Vera saw a step up in competition in his next fight as he went the distance with UFC Hall of Famer and five-time UFC champion Randy “The Natural” Couture in the main event of UFC 105. Couture controlled the fight from the clinch utilizing dirty boxing while Vera dominated the striking from the feet, hurting Couture badly with kicks and combinations in each round.

Vera was caught in Couture’s clinch, fighting off the takedown, for the majority of the competition. However, Vera landed very effective strikes from the feet. He dropped Couture in the second round, but was unable to finish him. After bearing an assault from the clinch Vera landed a series of body kicks that hurt Couture in the third round and followed up by taking him down and transitioning to full mount. The fight ended with an intense exchange.

All three judges scored the bout 29-28 in favor of Couture. The ruling surprised Vera and was very controversial.

Jon Jones is a young (22 year old) prospect with impressive striking and wrestling skills. Vera’s muay thai skills will be much more relevant in his upcoming fight than in his last two, which saw him trapped in his opponent’s clinch for the majority of the fight. However, Vera, a BJJ brown belt, will likely have an advantage in the unlikely case that the fight goes to the ground.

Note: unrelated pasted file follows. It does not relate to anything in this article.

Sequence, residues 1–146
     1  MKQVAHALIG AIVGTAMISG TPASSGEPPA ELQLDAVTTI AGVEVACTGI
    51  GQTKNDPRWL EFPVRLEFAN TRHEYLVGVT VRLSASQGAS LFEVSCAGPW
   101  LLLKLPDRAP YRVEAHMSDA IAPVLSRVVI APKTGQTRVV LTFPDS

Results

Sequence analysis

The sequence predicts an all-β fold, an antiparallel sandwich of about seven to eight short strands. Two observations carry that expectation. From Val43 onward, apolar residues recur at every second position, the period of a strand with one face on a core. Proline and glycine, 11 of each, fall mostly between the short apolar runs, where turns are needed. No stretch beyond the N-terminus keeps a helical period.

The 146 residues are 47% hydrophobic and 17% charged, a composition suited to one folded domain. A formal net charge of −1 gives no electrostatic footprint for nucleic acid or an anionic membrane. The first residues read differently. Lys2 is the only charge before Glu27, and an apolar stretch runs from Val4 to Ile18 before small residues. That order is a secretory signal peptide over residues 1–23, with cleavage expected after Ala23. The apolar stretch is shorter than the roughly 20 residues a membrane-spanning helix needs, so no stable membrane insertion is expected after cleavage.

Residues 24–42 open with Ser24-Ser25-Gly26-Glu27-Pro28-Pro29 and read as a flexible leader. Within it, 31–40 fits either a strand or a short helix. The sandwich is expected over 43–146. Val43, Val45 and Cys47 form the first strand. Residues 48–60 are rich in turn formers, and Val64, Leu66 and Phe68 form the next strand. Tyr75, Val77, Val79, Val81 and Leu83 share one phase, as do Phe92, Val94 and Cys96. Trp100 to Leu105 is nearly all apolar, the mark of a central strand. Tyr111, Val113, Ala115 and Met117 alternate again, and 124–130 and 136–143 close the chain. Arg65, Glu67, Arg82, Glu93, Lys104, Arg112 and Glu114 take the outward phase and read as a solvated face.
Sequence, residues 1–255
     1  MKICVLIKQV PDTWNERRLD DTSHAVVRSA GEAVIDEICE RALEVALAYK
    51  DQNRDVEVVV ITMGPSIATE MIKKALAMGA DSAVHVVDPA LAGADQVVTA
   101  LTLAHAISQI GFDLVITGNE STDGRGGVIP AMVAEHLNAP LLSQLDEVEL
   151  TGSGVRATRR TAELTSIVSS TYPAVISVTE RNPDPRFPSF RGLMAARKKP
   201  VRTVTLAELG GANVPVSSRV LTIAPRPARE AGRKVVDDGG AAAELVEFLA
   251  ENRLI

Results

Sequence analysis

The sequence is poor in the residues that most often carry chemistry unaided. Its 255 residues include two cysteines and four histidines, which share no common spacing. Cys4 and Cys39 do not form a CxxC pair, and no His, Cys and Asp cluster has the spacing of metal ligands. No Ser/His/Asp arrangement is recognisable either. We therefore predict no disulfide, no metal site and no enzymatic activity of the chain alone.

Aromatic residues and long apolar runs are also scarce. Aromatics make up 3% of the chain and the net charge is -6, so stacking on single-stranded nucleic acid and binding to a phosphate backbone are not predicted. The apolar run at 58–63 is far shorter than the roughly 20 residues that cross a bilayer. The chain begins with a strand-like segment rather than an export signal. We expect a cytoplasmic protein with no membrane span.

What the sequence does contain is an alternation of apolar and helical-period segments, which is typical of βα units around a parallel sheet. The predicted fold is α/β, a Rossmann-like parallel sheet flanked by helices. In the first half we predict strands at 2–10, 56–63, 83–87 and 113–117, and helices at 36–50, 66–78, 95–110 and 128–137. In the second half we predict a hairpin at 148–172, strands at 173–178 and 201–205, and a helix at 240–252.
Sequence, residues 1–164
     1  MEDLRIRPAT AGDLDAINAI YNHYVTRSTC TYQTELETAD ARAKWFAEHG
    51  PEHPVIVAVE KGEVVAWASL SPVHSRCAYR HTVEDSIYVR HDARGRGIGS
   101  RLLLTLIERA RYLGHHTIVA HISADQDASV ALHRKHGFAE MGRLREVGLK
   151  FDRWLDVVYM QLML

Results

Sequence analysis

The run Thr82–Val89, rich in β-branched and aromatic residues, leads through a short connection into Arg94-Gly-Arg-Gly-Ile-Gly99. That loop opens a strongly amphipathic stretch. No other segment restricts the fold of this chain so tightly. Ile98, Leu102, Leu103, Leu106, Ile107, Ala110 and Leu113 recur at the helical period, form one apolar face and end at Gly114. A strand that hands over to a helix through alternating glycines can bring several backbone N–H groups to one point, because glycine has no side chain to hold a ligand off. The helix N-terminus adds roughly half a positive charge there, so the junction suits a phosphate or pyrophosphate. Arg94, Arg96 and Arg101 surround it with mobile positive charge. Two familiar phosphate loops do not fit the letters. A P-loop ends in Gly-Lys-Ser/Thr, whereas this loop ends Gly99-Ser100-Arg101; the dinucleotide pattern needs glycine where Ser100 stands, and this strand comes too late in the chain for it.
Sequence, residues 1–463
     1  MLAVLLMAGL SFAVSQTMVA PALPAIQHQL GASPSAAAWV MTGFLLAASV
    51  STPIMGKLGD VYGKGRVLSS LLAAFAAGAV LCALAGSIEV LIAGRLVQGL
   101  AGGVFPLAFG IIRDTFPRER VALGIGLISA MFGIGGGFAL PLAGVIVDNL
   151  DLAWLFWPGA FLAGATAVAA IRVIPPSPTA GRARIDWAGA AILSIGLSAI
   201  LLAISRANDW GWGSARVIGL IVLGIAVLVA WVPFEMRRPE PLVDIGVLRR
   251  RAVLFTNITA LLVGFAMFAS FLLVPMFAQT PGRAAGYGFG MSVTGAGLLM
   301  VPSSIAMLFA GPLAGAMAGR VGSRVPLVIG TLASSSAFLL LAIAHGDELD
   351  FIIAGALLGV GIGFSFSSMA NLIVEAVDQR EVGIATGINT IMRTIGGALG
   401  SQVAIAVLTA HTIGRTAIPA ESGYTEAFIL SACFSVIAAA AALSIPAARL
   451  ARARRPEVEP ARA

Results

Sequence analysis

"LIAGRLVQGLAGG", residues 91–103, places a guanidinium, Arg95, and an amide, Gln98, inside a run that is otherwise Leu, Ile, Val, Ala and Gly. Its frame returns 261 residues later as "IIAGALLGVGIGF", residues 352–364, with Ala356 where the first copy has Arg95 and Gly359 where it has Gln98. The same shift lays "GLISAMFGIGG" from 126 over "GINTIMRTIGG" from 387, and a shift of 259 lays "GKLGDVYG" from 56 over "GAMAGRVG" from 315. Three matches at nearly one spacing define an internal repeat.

Vera has been in Jones’ situation a number of times early in his UFC career. Jones will face the toughest test in his young MMA career at UFC Live: Vera vs. Jones. For Vera, a victory will likely put him back in the title-mix.

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The event will air live on Versus at 9 p.m. EST

Affliction: Back To The Basics

When the popular clothing brand Affliction, which markets itself to fighters and fans of “extreme” sports, launched Affliction Entertainment in June of 2008, the MMA world was very optimistic. It was the makings of what could potentially be the next major promotional organization. One that would gather up all the great fighters not signed under the UFC. However, many remained apprehensive as it was unclear if Affliction was poised for greatness or destined for bankruptcy.